International Center for Microfinance and Social Business

What is Social Business?

Social Business

This is a business model that does not strive to maximize profits but rather to serve humanity’s most pressing needs. Thus, the first motive of a social business is not profit, and second, it does not pay its investors dividends. Instead, it aims at solving social problems with products and services at affordable prices, or giving the poor and marginalized people ownership in a business and therefore allows them to share its profits.

A social business pays back only its original investment and reinvests its profits in innovations or further growth that advance its social goals. Although the social business is pioneering in its aims, it is traditional in its management. Its workforce is professional and paid according to market wages. This type of business may or may not earn profit, but like any other business it must not incur losses in order to be able to sustain itself. In every sense the social business is sustainable: its direct environmental impact, its impact down the value chain, and critically, its financial independence. This is a key difference between social business and charity. Once its initial investment is repaid, the social business aims to be financially self-sustaining, giving it the independence and security to focus its efforts on the long-term improvement of the lives of the disadvantaged.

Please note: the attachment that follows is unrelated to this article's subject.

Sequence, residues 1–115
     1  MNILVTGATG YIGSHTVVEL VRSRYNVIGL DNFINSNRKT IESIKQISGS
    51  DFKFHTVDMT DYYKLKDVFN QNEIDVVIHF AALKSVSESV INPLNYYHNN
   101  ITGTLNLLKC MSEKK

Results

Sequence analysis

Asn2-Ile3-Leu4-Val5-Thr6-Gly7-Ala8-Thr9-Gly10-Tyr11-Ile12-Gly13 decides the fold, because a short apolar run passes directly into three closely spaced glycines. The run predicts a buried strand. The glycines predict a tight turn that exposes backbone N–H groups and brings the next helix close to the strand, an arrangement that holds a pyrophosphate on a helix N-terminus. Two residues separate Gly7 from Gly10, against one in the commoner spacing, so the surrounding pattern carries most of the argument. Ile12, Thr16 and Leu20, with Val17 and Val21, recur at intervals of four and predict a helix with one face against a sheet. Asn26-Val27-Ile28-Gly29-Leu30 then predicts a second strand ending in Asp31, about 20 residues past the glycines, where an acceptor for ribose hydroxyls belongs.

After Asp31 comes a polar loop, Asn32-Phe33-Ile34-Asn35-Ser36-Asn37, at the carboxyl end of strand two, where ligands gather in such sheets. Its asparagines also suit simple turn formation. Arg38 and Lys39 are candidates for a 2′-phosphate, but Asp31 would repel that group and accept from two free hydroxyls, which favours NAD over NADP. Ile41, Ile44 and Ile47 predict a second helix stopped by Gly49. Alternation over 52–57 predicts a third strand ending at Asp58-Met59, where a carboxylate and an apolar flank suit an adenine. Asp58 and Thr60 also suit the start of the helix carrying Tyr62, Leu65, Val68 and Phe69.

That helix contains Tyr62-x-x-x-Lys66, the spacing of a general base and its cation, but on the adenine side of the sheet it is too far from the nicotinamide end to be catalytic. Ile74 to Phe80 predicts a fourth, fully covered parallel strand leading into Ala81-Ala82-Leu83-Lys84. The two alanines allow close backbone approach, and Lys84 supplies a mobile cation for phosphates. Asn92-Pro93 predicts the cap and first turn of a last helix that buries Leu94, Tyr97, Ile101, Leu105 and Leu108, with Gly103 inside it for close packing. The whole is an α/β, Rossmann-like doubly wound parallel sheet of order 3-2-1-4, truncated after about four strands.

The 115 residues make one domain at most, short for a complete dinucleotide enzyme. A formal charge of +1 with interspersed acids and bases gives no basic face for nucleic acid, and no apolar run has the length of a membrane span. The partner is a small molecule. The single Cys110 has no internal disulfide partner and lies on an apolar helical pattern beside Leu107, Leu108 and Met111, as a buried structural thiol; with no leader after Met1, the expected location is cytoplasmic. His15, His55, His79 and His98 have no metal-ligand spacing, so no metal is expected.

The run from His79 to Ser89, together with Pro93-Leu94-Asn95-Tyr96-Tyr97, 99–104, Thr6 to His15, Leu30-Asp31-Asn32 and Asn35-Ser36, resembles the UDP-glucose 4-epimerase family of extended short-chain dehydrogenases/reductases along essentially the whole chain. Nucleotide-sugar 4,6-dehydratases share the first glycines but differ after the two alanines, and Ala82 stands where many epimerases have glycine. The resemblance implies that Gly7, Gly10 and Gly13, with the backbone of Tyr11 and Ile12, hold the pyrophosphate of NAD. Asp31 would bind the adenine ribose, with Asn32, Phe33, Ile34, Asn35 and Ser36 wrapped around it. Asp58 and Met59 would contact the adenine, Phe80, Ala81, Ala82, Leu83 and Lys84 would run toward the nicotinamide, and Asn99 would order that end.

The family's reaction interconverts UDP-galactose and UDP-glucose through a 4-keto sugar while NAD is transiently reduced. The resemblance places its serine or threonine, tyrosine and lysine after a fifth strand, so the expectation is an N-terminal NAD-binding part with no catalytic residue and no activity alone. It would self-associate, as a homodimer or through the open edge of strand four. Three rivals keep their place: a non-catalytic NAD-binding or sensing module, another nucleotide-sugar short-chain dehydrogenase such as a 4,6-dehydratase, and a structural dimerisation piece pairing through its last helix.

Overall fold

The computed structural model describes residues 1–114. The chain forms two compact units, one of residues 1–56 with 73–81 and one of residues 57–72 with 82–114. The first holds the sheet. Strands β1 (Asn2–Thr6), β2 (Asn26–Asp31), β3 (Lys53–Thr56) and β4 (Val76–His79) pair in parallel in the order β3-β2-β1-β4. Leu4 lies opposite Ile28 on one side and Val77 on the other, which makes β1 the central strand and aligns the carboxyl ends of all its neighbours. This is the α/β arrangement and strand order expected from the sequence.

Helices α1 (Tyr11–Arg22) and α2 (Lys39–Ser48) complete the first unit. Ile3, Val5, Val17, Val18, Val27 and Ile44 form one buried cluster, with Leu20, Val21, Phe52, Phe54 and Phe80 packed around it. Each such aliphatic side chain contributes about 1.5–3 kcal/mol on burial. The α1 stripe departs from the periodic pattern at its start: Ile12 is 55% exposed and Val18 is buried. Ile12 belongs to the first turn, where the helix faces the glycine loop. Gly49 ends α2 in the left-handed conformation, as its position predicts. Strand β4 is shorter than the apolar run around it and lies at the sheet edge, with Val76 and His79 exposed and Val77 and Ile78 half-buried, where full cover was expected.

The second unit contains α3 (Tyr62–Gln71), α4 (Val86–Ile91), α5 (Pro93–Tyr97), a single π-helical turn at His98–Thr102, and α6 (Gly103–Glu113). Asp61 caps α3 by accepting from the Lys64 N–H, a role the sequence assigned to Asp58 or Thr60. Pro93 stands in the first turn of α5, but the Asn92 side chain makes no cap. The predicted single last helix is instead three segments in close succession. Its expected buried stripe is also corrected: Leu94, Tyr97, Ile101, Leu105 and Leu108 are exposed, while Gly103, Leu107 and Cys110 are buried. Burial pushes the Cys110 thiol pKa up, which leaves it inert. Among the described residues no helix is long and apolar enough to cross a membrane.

Seven Principles of Social Business

1. Business objective will be to overcome poverty, or one or more problems (such as education, health, technology access and environment) which threaten people and society; not profit maximization.
2. Financial and economic sustainability.
3. Investors get back their investment amount only. No dividend is given beyond investment money.
4. When investment amount is paid back, company profit stays with the company for expansion and improvement.
5. Environmentally conscious.
6. Workforce gets market wage with better working conditions.
7. …do it with joy.